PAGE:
8. FWIW, I try to be an "all of the above" person as often as possible so the "Moon, Mars AND NEOs" sounds good to me.

    I saw Dr. Logan in Chicago and frankly I think he may very well be correct that hollowed out asteroids with 1 gee racetracks will be the only place out there where our species can safely reproduce.

  9. Since I'm coming so late to this discussion, I don't know if my comments will be read or responded to.

    The Moon is within easy telerobotic distance and has plenty of ice. As a result it is the logical first place for the relatively low-cost mining of propellant which will fuel it's own transportation as well as being a marketable commodity for a variety of uses (NASA, DOD, and commercial).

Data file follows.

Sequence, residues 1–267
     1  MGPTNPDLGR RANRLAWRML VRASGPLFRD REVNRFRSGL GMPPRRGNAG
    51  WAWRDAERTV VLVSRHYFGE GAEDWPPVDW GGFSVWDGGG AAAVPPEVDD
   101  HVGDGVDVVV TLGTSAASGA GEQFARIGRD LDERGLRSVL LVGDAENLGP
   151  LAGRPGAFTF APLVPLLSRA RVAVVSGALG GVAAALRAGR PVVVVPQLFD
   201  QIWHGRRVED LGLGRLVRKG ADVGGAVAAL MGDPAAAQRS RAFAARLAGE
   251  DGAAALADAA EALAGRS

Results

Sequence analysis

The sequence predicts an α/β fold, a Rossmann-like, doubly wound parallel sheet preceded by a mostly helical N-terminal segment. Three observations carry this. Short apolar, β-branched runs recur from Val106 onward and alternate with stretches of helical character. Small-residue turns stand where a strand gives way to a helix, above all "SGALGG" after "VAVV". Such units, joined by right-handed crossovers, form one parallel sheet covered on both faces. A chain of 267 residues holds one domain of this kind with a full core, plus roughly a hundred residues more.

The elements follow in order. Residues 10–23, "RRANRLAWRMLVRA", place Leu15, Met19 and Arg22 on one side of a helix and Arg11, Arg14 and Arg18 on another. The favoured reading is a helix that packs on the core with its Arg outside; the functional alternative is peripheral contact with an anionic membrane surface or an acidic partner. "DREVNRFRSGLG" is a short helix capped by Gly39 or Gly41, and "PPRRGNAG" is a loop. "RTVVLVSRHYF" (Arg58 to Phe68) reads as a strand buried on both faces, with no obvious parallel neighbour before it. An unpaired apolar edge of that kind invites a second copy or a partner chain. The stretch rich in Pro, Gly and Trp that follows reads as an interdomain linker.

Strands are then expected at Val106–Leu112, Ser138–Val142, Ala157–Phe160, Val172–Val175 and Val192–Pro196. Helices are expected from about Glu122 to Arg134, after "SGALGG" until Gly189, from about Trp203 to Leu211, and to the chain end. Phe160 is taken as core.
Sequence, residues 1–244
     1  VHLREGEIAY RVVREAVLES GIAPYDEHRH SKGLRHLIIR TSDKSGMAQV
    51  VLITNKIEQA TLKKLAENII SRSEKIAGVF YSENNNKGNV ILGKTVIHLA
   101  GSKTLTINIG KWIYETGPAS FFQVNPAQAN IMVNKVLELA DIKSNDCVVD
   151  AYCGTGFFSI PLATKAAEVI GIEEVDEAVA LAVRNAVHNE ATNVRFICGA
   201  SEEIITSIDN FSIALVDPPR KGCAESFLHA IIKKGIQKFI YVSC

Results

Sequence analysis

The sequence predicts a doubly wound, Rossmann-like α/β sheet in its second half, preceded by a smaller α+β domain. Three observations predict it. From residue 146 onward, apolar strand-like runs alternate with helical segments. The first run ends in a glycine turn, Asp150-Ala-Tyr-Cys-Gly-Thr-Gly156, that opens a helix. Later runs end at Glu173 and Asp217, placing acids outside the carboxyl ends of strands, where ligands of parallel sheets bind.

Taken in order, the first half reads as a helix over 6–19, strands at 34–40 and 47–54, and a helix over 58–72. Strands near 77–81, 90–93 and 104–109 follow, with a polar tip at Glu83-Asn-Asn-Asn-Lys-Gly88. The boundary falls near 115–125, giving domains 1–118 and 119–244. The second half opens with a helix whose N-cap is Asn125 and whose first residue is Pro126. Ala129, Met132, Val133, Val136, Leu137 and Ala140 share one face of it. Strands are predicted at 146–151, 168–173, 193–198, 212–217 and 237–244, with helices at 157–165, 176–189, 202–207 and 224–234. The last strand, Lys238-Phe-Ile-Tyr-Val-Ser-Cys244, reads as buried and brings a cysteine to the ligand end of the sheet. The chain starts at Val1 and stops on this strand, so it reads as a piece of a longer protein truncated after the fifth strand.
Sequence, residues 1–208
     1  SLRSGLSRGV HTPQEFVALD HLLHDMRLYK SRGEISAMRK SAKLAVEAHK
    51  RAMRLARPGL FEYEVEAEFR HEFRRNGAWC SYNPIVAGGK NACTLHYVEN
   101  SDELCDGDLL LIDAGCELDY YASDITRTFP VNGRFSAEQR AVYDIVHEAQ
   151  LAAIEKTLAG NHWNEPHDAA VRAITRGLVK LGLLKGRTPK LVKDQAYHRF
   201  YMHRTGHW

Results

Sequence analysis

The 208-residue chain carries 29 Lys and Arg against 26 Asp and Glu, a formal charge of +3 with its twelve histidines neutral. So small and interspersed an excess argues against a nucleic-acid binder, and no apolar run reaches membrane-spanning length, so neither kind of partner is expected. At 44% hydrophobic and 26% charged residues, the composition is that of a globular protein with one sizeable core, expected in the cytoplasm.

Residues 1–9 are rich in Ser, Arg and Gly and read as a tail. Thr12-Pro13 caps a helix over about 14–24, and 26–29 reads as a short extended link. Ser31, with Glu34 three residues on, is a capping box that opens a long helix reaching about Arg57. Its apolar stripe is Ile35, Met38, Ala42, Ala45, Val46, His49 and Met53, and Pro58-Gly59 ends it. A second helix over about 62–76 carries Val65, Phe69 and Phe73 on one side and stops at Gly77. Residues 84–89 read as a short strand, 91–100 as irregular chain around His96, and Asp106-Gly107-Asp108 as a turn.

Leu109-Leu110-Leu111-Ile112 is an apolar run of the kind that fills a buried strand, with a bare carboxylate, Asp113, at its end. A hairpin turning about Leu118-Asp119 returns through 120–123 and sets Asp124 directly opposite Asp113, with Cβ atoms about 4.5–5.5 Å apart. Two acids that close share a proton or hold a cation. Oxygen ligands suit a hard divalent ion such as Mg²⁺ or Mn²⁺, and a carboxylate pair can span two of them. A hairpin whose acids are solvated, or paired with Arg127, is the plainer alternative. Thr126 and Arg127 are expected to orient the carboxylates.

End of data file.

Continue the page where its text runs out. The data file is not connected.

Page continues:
It may well be true that we need more than 1/6 or 3/8's gee for safe human reproduction and childhood growth. But we ought to agree that achieving adequate artificial gravity at Mars or an asteroid would occur later than a lunar mining operation because the lunar mining operation will be much cheaper and safer to achieve initially. We can fairly easily achieve 1 gee artificial gravity at LEO but most of the resources (by mass) will need to come from the Moon to be cost-effective and sustainable in the long run. So, my view of an "all of the above" approach is that telerobotic mining of the Moon lowers the costs, provides the experience, and propellant (and materials for LEO) for "all of the above".